Exotic Cities, Part Seventeen: Puerto Cabezas, Nicaragua

November 6, 2009

    A potato-hungry Nicaragua can be grateful for a city like Puerto Cabezas.  This lovely little port on the Atlantic coast is surrounded by vast potato farms, which grow 80% of the potatoes eaten in Nicaragua.  They are the Balurde Brown variety, not seen in North America.  Long lines of trucks rumble out of Puerto Cabezas on the only road into the city, which goes all the way to Managua.  It is referred to, appropriately enough, as the Potato Highway, and it was described by Ernest Hemingway in one of his lesser-known stories, “At Noon Cometh the Spud Truck.”

    This part of Nicaragua belongs to indigenous people, the Shinnecock Indians, who raised potatoes and ducks since their beginnings.  The ducks, however, got wiped out by some sort of bird flu, which was probably brought to Nicaragua by Balboa in 1513.  He was looking for another ocean, and the Indians pointed south and said, “It’s that way.”  So he and his men went that way and “discovered” the Pacific Ocean.  And along the way they had sex with a lot of Indian women, who were “easy,” so that’s how Nicaragua got a large population of Spanish-Indian hybrids.  The women are pretty hot.  Bianca Jagger is a good example.  She got her start at fame as the country’s Potato Queen of 1964, and she is still the country’s favorite celebrity.

    Tourism is just starting to take off in Puerto Cabezas.  Local people still regard North Americans as “los estupidos norteamericanos,” because of the thousands of liberal white kids who went to Nicaragua back in the 80’s to pick crops and show solidarity with the peasants.  It is pretty stupid when you think about it: paying your own way to Nicaragua to pick crops for nothing.  And these are the same fools who protest against “exploitation” of cheap labor in the Third World by big American companies.  Well, as I always say, if you identify with the poor, you’re destined to be poor.   The people I know who went to Nicaragua to pick crops still live like poor bohemians, and when I offer to give them good stock tips or to teach them how to sell options, they laugh and say, “I don’t have any money.”

    But a second wave of visitors is finding Puerto Cabezas as a tourist destination, and that’s good as long as they avoid the rest of Nicaragua.  Managua, for instance, is a total f—ing ripoff.  You must never spend a single minute in Managua.  So forget about getting to Puerto Cabezas via the Potato Highway, which is too dangerous for tourists.  And forget about flying from Managua to Puerto Cabezas.  The airlines suck, they’re a ripoff, and the airport at Puerto Cabezas is, to be euphemistic, rather basic, and landing there is risky except in daylight and in perfect weather.

    So your best access to Puerto Cabezas is the Royal Caribbean cruise ship Joker of the Seas.  Joker is the “cheap” ship in the fleet, and it offers a bargain-priced cruise to some of the less-visited destinations, such as Devil’s Island.  Joker will give you three days in Puerto Cabezas, but you can always get off and stay longer and pick up Joker on the way back.

    You’ll want to stay at the Carlton Hotel Puerto Cabezas, which is the only hotel up to civilized-white-people standards.  General Manager Massimiliano Perversi runs an efficient inn with about 50 rooms, averaging a very reasonable $150 a night, not including the $10 “health tax” the government charges you for bringing your civilized-white-people diseases into the country.  Some of the rooms in the Carlton are fitted out in bizarre fashion.  For instance, you have “crypt” rooms, where you sleep in a big coffin, and there are all these skeletons and monster figures and creepy sound effects.  “It was Daniel Ortega’s idea,” explains Perversi, referring to the President of Nicaragua.  “He comes up here occasionally with a lady, and they like things kinky.”  Other theme rooms are “The Mummy’s Tomb,” “Spider Island,” and “The Tingler.”  There is also a special party room, Room 13, that is reserved for Ortega, but what’s inside is a closely guarded secret.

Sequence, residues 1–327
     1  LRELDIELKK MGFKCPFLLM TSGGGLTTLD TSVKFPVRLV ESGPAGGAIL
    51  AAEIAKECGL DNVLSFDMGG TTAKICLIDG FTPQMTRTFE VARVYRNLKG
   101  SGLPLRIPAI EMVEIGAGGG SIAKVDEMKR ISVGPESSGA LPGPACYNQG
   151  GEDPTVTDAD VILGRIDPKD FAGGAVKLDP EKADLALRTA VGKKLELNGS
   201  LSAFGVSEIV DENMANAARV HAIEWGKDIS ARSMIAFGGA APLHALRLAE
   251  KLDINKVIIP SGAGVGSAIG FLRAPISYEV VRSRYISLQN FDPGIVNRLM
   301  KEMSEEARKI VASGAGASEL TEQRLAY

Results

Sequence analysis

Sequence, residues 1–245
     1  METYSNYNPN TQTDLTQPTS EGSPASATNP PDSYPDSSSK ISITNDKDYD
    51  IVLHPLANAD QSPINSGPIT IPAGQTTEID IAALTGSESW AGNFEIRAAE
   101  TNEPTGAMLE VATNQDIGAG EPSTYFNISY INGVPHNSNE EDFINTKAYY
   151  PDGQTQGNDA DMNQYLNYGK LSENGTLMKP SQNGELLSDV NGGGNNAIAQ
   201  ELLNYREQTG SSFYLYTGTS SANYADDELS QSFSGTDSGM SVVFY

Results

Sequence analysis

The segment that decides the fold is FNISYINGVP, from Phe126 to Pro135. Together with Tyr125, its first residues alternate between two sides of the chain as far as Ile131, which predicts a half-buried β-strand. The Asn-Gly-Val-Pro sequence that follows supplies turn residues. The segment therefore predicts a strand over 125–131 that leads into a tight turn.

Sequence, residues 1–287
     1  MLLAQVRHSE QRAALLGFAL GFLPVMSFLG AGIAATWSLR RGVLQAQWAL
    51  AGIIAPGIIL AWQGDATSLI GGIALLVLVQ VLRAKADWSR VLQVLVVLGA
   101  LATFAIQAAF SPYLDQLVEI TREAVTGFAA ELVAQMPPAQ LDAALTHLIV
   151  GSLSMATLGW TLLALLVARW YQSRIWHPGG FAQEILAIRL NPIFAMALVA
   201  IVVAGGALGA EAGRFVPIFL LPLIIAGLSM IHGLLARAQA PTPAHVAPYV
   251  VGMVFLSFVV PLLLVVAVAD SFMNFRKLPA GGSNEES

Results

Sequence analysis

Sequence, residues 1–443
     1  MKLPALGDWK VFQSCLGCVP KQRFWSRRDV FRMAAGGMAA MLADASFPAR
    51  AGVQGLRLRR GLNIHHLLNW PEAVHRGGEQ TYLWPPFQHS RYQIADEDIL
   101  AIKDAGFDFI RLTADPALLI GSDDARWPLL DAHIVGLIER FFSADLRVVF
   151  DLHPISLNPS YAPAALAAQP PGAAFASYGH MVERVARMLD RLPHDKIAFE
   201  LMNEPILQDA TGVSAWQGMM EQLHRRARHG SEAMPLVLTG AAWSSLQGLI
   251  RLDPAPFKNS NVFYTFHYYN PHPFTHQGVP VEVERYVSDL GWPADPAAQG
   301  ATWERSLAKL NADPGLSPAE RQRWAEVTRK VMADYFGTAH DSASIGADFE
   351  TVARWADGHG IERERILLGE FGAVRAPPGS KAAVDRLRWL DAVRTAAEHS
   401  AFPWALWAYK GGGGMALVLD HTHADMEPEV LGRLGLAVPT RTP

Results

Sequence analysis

Fishing is the other important aspect of life in Puerto Cabezas, besides potatoes.  The city’s canneries process tons of hagfish every day.  When the cannery whistle blows, the whole street rumbles and groans and screams and rattles while the silver rivers of fish pour in out of the boats.  Capt. Neptaly Arias, captain of the fishing boat Zorra, is the port’s most colorful character.  His eye for a hagfish is rivaled only by his eye for a  woman.  “Here the hagfish is king,” he says.  “There are many varieties of hagfish, but the Atlantic hagfish is the most delicious.  And they are prized by the ladies, who put them in their vaginas while they are still alive.”

    Arias says that there have been years when the hagfish simply went away for no reason.  Then the Indians had to resort to their sacred magic to bring them back.  One ritual is the burning of zozobra, a 40-foot-high effigy made of wood and chicken wire, meant to represent sin.  All the people must write down their sins on paper and place them in zozobra, or they must place any object connected with their sins in zozobra.  When the effigy is full of all the people’s sins, it is burned to expiate their guilt.  Another ritual is the “stickdance,” which is practiced nowhere else in the world.  The most beautiful Indian women must dance naked around a tall stake.  Then they are tied to the stake and whipped by the old women to make them scream.  The screams are heard by the hagfish, who become excited and return.  It’s  all part of a religious belief system, so you can’t criticize it.

    Hagfish is served everywhere in Puerto Cabezas, but unless you are willing to risk diarrhea, your best place to eat is at the Carlton’s restaurant.  Head Chef Rosalina Dolmo Martinez gave me her recipe for Hagfish Puerto Cabezas:

    Rinse six Atlantic hagfish to remove superficial slime.  Place in pot of boiling milk for five minutes, then transfer to casserole dish.  Sprinkle with cayenne pepper, salt, and turmeric.  Cover with tomato sauce.  Bake at 350 degrees F for 25 minutes.  Prepare bed of mashed potatoes using Balurde Brown potatoes, with two tablespoons of lard blended in.  Sprinkle grated Parmesan cheese over potatoes.  Pour finished hagfish and sauce over potatoes.  Gordon Ramsay has called this recipe the most outstanding fish dish he has ever eaten. 

    The bars in Puerto Cabezas are on the edgy side, serving mainly fishermen and sailors of the Nicaraguan Navy.  It’s best to have a local person as your escort, otherwise the patrons and staff may play rude jokes on you because we are still “estupidos norteamericanos” in their eyes and therefore fair game.  Capt. Arias took me to the Hagfish Saloon, which is owned by his friend Raul Barahona.  Patrons like to engage in a gruesome variation of arm wrestling involving hot coals, and on Saturday nights the place is turned into a makeshift boxing arena, where drunken toughs can vent their aggression and betting is encouraged.  There is also a dwarf dishwasher who is feeble-minded, and the patrons take turns tossing him into a net.  Raul insists the lad enjoys it.